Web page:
Sole passion for golf l Primarily focused to deliver comfort and performance on the golf course without being out of place in a work or casual setting.

Antimicrobial finish l Inhibits odor build-up when ambient moisture is present.

Available now

Cape Cod A refreshing collection featuring navy blue, ocean, yellow and white color combinations.

Available now

Savannah A vibrant collection utilising red, white and black.


GEAR SPECIAL

CONTEST Here’s your chance to be decked out in style just like FJ PGA tour professional and FJ ambassador Select your favourite collection and jot down a catchy tie-breaker slogan to be fitted with FootJoy’s new performance apparel! PRIZE

Available in stores across Malaysia and Singapore from the beginning of March, the stunning collection features a complete range of men’s golf apparel in a selection of contemporary colour stories and a variety of fashionable patterns - all utilising FootJoy’s proprietary high performance fabrics. Making Everyday Playable l Continues FootJoy’s layering system which was developed to meet the specific needs of golfers who demand comfortable performance apparel that regulates body temperature and adapts to changing weather conditions.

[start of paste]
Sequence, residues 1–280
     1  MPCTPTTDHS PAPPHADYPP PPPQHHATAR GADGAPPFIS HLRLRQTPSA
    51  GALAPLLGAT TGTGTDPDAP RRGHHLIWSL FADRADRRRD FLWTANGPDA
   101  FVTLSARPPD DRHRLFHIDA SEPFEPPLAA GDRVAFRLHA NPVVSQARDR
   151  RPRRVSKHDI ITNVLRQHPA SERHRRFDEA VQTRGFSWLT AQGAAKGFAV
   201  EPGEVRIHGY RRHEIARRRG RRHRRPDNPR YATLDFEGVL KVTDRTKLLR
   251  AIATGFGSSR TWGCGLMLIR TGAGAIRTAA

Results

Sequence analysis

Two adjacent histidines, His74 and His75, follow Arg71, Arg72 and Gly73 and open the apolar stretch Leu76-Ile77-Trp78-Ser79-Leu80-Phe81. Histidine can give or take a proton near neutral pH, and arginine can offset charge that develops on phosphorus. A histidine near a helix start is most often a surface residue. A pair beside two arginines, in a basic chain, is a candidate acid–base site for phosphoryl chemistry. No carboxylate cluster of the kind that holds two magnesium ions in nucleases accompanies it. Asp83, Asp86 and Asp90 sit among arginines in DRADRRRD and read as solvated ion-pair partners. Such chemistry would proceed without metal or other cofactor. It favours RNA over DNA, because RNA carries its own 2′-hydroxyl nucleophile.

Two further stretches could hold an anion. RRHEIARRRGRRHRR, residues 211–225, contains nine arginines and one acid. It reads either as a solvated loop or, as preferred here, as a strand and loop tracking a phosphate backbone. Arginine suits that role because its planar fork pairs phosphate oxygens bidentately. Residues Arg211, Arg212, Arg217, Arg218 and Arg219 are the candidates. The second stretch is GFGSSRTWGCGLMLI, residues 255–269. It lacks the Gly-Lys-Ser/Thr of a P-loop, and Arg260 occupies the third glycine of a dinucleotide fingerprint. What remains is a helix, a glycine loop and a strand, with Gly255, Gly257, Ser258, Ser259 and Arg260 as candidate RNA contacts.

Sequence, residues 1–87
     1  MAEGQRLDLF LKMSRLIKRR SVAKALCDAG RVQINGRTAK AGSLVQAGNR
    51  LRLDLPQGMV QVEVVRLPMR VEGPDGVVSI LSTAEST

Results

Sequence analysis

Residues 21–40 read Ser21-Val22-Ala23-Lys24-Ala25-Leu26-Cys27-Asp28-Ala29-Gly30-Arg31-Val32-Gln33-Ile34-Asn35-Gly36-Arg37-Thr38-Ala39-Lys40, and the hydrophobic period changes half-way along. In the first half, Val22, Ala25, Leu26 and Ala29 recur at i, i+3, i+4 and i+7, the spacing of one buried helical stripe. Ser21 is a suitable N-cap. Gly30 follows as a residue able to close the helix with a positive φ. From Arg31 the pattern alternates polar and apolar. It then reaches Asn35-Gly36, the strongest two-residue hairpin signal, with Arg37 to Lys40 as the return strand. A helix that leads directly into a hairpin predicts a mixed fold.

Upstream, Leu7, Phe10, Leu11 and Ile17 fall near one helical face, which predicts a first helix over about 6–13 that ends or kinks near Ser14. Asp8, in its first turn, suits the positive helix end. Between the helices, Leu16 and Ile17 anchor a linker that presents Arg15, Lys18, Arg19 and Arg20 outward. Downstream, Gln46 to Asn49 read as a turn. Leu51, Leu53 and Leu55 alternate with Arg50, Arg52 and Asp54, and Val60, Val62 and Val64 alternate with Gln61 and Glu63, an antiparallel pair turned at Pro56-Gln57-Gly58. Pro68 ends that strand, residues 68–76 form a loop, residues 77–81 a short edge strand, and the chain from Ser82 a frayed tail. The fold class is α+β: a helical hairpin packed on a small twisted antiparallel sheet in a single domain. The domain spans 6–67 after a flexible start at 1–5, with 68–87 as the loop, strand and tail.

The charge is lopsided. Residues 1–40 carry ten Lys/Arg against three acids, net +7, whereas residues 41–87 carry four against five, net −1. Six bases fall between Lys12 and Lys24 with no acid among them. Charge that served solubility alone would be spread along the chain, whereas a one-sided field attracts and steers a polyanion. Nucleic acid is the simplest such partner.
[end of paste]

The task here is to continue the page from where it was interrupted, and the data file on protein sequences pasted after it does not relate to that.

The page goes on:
Two golfers will each win one (1) FJ Performance Golf Apparel and one (1) FJ Performance Golf Pants of their choice from the FJ Apparel Spring Collection. Name Address

Email Telephone Handphone Current Golf apparel brand used: Pick your favourite collection from the FJ Performance Apparel Spring Season

Easy Care Fabric l Avoids wrinkling and shrinkage despite repeated washing.

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Modern colour palettes l Perfectly complement the garment designs, allowing golfers to effortlessly coordinate their outfits throughout the range.

Athletic fit option l Ensures that those seeking a more tailored look – narrower across the chest and tighter sleeves - are spoilt for choice.